Special facts which you should know and upon which you will need to obtain further advice from your accountant or attorney are:
- If spousal support is paid to one party by Court order or written agreement, such amounts are taxable income to that party and the amount of such payments are deductible for tax purposes from the income of the paying party.
- It is generally desirable for the parties to agree as to who will claim the dependency exemption of the minor children for tax purposes. Under existing law, the custodial parent is entitled to claim all children in his or her custody as dependents for tax purposes, regardless of the amount of child support paid by the other party. The parties are still free to allocate the dependency exemptions differently, if they choose to do so.
- You should seek the advice of your accountant as to specific details concerning tax returns.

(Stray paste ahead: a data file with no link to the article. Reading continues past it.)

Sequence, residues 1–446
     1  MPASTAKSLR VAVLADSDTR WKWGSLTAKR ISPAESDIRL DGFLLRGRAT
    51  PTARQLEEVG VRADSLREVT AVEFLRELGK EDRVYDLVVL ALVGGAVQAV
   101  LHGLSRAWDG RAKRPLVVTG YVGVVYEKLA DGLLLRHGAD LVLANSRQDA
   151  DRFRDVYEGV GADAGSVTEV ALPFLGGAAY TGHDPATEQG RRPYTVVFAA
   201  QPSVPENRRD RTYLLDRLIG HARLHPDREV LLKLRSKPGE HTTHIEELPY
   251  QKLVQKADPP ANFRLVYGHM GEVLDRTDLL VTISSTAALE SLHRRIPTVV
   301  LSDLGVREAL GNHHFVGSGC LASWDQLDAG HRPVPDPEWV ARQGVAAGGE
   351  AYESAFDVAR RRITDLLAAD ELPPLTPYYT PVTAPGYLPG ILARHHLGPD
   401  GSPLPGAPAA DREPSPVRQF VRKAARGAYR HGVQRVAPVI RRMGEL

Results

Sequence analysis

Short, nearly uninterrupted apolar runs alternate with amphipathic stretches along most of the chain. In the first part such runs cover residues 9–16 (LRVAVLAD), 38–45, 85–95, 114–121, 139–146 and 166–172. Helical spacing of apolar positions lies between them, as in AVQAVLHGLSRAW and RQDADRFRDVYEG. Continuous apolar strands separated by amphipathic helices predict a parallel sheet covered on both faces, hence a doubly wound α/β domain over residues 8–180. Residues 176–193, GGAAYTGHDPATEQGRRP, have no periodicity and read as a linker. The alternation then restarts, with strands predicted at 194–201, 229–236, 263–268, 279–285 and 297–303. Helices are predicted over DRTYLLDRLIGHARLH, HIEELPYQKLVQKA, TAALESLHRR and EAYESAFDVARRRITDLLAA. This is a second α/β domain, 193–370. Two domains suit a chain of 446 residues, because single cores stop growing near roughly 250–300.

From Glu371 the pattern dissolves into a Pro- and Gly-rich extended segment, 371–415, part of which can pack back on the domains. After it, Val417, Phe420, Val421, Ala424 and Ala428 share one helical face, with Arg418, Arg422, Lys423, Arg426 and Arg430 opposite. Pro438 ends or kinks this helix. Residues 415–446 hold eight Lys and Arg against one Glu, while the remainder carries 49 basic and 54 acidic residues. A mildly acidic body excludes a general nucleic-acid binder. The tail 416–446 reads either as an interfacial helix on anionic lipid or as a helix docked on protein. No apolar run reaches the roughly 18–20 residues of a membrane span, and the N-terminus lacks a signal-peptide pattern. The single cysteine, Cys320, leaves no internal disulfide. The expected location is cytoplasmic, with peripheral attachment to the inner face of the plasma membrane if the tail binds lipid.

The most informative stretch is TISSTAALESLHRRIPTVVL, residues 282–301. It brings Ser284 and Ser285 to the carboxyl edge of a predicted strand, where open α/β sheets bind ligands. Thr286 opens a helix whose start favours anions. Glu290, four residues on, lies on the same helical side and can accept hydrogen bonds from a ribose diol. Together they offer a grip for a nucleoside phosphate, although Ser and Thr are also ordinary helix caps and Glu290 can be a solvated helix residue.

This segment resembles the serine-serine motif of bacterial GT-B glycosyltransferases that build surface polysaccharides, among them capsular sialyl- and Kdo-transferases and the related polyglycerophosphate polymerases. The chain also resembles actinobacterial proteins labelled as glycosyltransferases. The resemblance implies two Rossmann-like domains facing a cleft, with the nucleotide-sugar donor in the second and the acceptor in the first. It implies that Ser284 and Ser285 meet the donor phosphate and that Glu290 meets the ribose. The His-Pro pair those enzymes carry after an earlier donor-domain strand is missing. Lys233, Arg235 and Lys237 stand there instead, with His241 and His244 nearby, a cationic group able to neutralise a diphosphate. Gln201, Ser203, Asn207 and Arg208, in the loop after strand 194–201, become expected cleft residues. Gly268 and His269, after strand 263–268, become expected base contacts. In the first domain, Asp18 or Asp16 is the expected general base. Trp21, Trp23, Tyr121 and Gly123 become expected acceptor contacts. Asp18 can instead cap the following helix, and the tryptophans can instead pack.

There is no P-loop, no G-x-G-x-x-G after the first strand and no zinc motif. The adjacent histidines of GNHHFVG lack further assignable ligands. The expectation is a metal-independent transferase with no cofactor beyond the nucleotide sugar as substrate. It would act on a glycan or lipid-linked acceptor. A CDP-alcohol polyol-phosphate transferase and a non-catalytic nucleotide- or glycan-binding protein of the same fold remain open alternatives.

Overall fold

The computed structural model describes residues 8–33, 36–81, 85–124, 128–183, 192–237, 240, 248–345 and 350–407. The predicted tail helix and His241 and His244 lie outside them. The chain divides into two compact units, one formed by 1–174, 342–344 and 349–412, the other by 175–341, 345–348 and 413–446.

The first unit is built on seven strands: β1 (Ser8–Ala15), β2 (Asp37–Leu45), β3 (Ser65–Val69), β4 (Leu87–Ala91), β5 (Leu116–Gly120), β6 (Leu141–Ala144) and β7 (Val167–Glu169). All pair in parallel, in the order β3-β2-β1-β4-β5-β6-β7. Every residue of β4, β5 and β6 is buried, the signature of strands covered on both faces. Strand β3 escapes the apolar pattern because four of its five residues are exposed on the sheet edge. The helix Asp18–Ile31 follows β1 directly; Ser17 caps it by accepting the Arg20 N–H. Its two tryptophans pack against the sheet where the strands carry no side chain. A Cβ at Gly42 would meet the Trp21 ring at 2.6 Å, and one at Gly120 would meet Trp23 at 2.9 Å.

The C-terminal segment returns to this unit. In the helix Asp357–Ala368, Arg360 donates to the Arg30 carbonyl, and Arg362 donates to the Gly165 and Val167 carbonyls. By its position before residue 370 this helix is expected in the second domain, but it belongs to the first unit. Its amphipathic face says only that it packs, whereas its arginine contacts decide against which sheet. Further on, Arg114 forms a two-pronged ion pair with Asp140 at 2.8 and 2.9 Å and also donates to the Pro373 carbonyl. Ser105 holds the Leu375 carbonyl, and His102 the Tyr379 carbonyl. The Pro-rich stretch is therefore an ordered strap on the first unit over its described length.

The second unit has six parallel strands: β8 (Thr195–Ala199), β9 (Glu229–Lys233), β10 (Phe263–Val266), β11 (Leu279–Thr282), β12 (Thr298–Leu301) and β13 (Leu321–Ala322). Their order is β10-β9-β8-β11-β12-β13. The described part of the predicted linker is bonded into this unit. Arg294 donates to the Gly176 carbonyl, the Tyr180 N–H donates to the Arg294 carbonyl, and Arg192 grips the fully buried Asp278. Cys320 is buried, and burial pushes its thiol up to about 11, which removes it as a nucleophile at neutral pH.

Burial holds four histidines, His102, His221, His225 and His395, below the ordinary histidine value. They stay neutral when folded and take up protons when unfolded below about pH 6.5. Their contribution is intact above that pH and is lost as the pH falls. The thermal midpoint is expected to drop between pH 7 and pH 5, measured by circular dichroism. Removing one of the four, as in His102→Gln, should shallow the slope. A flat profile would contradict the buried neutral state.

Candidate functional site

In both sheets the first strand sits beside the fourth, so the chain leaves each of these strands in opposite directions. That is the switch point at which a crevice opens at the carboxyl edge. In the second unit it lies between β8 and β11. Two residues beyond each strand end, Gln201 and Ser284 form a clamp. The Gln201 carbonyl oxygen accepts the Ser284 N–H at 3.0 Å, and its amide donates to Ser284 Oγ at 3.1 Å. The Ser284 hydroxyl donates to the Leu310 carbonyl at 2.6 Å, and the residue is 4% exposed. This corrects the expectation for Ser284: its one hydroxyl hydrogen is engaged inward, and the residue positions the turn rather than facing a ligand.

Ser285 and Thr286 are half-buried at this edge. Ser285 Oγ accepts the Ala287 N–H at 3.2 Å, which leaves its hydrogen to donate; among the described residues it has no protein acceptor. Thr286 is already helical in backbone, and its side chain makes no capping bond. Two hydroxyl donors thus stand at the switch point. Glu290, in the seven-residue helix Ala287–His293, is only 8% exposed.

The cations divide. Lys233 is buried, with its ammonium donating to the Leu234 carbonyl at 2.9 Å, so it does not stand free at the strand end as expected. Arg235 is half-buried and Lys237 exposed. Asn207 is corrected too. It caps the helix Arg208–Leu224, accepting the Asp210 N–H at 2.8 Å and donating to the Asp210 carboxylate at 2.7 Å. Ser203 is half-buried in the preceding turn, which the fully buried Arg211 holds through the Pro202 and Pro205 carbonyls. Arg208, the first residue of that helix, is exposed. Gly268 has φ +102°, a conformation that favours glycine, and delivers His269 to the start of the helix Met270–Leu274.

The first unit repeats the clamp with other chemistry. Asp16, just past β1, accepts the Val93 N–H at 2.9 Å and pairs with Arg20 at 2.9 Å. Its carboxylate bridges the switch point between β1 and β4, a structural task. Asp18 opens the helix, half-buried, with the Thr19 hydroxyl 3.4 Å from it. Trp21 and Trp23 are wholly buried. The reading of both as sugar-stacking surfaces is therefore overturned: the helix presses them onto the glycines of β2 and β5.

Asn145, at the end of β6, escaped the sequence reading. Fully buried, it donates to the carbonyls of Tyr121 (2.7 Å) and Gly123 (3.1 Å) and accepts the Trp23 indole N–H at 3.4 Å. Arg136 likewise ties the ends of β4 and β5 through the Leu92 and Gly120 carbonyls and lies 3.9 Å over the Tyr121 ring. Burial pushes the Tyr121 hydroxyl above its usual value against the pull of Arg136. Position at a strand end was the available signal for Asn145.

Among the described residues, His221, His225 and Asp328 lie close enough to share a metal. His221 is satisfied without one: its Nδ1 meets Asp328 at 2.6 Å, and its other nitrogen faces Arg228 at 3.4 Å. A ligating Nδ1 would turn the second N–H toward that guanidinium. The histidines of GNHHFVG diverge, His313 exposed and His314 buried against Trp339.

- Each party must keep a record of all support payments made or received, as the case may be, including the date and amount of each payment. In the event of a dispute, those records are indispensable.
- If you have not received a Judgment dissolving your marriage before the end of the year, you may file an individual tax return (married, filing separately), or a joint tax return with your spouse. You should consult with your accountant as to the advantages of these alternatives.
- Certain portions of the fees paid to attorneys and/or accountants may be deductible for federal and state income tax purposes, and clients should certainly ask for advice on such deductibility when preparing annual tax returns.
- You may obtain from your local Internal Revenue Service Office special information booklets regarding: “Tax Information for Divorced Individuals” IRS website.
- Innocent Spouse Status: Any spouses who feel they are victims of a their spouse’s filing inaccurate joint tax returns may now be able to benefit from newly revised laws regarding “innocent spouse” status.